A random subset of 17 patients received a brain MRI after they completed the program. These post-program MRIs with NeuroQuant measurements showed that 9 of the 17 patients had an actual growth in the size of their hippocampus, with at least 1% expansion in its volume (data not shown).  An example of a patient who had 8.6% growth in her hippocampus is shown in figure 2.0. Three of the 17 patients had no evidence of the expected hippocampal atrophy (no change) and five patients experienced the usual expected atrophy in the hippocampal volume. 


Figure 2. Before and after MRI results in one of the patients who completed the Brain Fitness Program

Post-program MRI with NeuroQuant showed an 8.6% growth in the volume of the hippocampus (HC) in one patient. (A): Baseline Brain MRI. (B): Post-program Brain MRI. (C): Higher magnification of baseline hippocampal volume. (D): Higher magnification of the post-program hippocampal volume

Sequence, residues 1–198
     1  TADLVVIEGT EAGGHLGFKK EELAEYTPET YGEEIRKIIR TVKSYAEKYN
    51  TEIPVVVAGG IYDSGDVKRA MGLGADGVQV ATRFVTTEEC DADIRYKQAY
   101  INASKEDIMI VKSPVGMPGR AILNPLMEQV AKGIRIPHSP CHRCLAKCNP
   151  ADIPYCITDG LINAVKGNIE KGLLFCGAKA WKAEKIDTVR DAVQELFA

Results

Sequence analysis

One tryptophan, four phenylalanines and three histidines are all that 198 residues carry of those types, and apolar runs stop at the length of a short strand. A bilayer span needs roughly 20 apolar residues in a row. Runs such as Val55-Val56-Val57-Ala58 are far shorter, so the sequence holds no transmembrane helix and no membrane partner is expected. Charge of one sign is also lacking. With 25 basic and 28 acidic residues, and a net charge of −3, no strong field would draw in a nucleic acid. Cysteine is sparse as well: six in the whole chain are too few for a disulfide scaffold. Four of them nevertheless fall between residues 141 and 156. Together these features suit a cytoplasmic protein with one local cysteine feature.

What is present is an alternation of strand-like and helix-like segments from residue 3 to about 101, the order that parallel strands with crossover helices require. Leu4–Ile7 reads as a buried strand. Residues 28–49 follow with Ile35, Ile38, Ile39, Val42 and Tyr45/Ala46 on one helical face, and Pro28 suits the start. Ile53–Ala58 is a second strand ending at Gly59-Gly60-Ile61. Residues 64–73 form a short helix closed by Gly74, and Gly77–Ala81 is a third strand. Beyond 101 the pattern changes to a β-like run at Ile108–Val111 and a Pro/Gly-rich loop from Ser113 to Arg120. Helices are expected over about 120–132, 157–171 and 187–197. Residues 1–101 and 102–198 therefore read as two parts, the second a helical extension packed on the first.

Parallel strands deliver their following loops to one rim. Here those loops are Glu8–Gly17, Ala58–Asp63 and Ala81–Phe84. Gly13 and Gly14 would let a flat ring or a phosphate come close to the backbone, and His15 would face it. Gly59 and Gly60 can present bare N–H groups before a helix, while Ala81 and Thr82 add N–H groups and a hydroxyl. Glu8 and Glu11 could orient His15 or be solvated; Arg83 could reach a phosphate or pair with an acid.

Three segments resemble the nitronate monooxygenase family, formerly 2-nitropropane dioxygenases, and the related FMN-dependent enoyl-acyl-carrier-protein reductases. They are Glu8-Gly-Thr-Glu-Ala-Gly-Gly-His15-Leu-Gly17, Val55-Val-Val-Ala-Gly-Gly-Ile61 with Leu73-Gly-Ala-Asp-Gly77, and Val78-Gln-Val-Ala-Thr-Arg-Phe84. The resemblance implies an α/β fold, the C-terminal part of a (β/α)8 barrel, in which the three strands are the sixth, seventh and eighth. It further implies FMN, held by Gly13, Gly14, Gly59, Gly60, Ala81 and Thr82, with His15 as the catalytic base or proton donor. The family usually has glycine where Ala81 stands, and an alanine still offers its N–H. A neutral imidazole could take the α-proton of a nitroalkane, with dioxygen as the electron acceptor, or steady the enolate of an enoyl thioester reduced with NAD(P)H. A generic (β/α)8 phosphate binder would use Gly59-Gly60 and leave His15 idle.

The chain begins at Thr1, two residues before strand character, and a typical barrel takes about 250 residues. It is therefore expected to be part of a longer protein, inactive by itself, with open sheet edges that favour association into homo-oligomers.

A Spearman correlational analysis showed a correlation of 0.48 between changes in cognitive function and MRI, which suggests a trend but is not sufficient to meet the cutoff for statistical analysis (p=0.21).



Results from the 127 MCI patients who completed the 12-week Brain Fitness Program reveal that elderly patients with objective cognitive impairment have the capacity to improve their brain performance with an intensive set of treatments. In this population of elderly with MCI, post-program cognitive tests showed that 84% of patients had statistically significant improvements in their attention, concentration, executive function, problem solving, or speed of cognitive processing. Post-program MRI in a small subset of 17 patients showed that 12 patients experienced a reversal of hippocampal atrophy or an actual growth above its baseline volume.